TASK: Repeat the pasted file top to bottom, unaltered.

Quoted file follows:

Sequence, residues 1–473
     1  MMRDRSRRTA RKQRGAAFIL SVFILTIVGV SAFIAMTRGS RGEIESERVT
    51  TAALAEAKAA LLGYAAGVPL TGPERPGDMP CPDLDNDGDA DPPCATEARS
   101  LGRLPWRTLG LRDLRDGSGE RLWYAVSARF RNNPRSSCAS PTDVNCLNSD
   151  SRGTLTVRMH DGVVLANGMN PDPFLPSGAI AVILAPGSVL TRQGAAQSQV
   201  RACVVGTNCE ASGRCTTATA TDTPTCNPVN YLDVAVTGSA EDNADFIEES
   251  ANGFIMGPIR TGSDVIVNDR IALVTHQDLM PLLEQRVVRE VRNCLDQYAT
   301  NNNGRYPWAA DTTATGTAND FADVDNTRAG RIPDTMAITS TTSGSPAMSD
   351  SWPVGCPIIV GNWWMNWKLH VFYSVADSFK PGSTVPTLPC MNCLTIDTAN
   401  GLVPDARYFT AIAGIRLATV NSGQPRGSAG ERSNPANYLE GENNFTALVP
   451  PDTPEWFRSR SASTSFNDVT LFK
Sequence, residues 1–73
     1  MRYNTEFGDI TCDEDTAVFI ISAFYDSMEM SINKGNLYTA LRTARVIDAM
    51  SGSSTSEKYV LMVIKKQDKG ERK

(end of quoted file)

Sequence, residues 1–473
     1  MMRDRSRRTA RKQRGAAFIL SVFILTIVGV SAFIAMTRGS RGEIESERVT
    51  TAALAEAKAA LLGYAAGVPL TGPERPGDMP CPDLDNDGDA DPPCATEARS
   101  LGRLPWRTLG LRDLRDGSGE RLWYAVSARF RNNPRSSCAS PTDVNCLNSD
   151  SRGTLTVRMH DGVVLANGMN PDPFLPSGAI AVILAPGSVL TRQGAAQSQV
   201  RACVVGTNCE ASGRCTTATA TDTPTCNPVN YLDVAVTGSA EDNADFIEES
   251  ANGFIMGPIR TGSDVIVNDR IALVTHQDLM PLLEQRVVRE VRNCLDQYAT
   301  NNNGRYPWAA DTTATGTAND FADVDNTRAG RIPDTMAITS TTSGSPAMSD
   351  SWPVGCPIIV GNWWMNWKLH VFYSVADSFK PGSTVPTLPC MNCLTIDTAN
   401  GLVPDARYFT AIAGIRLATV NSGQPRGSAG ERSNPANYLE GENNFTALVP
   451  PDTPEWFRSR SASTSFNDVT LFK
Sequence, residues 1–73
     1  MRYNTEFGDI TCDEDTAVFI ISAFYDSMEM SINKGNLYTA LRTARVIDAM
    51  SGSSTSEKYV LMVIKKQDKG ERK